1. The Panthers used their two-headed monster out of the back-field to take down the Falcons; Stewart and Williams combined for 174 yards and two touchdowns.
2. One of my “Four Horsemen” Sidney Rice puts up 201 receiving yards against the Lions secondary.
3. The Titan’s running back Chris Johnson plays like a stud in a league of his own totaling 232 yards and scoring two touchdowns against the Bills.
4. The Redskins offensive line just blew holes into the Broncos defense all day to the tune of 174 yards on the ground.
5. Despite their recent struggles through the air, the Broncos and quarterback Kyle Orton came out gun-slinging in week 10; Orton passed for 193 yards in the first half before leaving with an injury.
6. The “Old man” in Arizona Kurt Warner took a while to get started, but once he did he was unstoppable completing 29 of 38 passes for over 300-yards and two touchdowns.
7. The Bengals defense showed up on Sunday against Big Ben and the Steelers recording four sacks and a forced fumble in their 18-12 win.
8. Steven Jackson is a one man wrecking crew in St. Louis rushing for 131 yards and catching nine balls for another 45 yards.
9. Who is Brandon Gibson, likely the next Waiver wire darling after catching seven passes for 93 yards.
10. Peyton Manning is still Peyton Manning; Sunday night against the Patriots he passed for 327 yards with four touchdowns.







 

Mediocre NFC Yields Giant Strides For Big Blue During Bye Week



Mediocre NFC Yields Giant Strides For Big Blue During Bye Week
BY Jon Wagner-Sr. Writer at Large Football Reporters Online

New York Giant fans can now calm down a little this week. Rest assured, at this point, there’s still very much of a season left for Big Blue.

It wouldn’t be New York if its fans and media didn’t often overreact to each game that any professional team plays in New York. That response just comes with the territory when rooting for or discussing teams in the New York City area.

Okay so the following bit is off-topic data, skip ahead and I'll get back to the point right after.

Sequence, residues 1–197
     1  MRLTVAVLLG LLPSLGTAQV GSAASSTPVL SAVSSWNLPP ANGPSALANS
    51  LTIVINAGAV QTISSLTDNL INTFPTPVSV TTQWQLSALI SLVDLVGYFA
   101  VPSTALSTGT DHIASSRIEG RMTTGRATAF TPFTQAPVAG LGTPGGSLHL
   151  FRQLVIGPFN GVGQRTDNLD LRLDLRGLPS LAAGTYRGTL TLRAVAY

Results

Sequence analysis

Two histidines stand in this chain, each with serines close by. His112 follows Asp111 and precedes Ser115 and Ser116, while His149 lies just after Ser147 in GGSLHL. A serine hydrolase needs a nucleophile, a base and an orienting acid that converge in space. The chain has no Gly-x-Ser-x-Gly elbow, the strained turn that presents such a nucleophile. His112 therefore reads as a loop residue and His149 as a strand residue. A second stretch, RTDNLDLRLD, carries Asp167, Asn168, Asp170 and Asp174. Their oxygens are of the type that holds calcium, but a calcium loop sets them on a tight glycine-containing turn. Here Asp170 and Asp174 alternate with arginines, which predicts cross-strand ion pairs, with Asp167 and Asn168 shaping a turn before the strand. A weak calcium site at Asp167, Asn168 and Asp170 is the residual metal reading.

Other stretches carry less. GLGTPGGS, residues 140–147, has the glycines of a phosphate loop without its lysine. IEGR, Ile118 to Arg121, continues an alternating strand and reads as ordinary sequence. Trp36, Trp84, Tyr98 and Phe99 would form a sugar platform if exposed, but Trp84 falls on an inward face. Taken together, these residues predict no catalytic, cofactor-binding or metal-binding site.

Sure enough, to the degree that the Giants were being discussed as part of the National Football League elite after a dominant 5-0 start, was the extent to which many in the New York area were asking what was wrong with the Giants and how New York could let its entire season slip away after a subsequent four-game slide.

No doubt, the questions surrounding the problems that the Giants still need to fix this season were, and still are, legitimate. And, if the Giants don’t soon rectify a lot of the issues that were exposed during their aforementioned four-game losing streak, it’s true, Big Blue’s goal of reaching the playoffs could be in serious jeopardy.

But, for those who were spewing all of the doom and gloom talk about the Giants’ playoff possibilities, many going so far as to say that the Giants’ fourth straight loss ended their season, take a look at the current NFC standings after what happened on Sunday, as the Giants tried to regroup during their bye week.

Sure, New York had slipped from 5-0 to 5-4, and from first place to third place in the NFC East.

Yet, simply by not playing, the Giants moved back into a tie for second place with the 5-4 Philadelphia Eagles (who were beaten in San Diego on Sunday), and are now just one game behind the 6-3 Dallas Cowboys, the NFC East leaders, who lost at Green Bay this week.

As for the NFC wild-card race, the Giants and Eagles are not only tied for the wild-card lead with each other, but also with the 5-4 Atlanta Falcons (losers at Carolina on Sunday) and the 5-4 Green Bay Packers. Carolina, San Francisco, and Chicago are each a game back, at 4-5.

For all of this past week’s chatter about the Giants’ season being over, New York still very much controls its own destiny as long as it can pull everything together and play better.

The Giants host Atlanta next week, while having other home dates with Dallas, Philadelphia, and Carolina in December. And, the Giants are done with both the Cowboys and Eagles on the road.

The bottom line is that while the Giants have to correct a lot of what plagued them while losing four games in a row, and they still have much work to do in order to reach the playoffs this year, they’re very far from the fate many had prematurely predicted for them (if any Giants are Mark Twain fans, they can certainly relate).

As evidenced while the Giants rested this week, no one else in the NFC East seems to be running away with their division, and even less so in the NFC wild-card picture.

So, at least for now Giant fans, view the remaining Giant games in this season the same way your team plans on approaching them. It may sound clich├ęd, but forget about the recent past and take the rest of the season one game at a time.

Because it doesn’t appear that anything regarding where the Giants are headed this season, one way or the other, will be determined any time soon.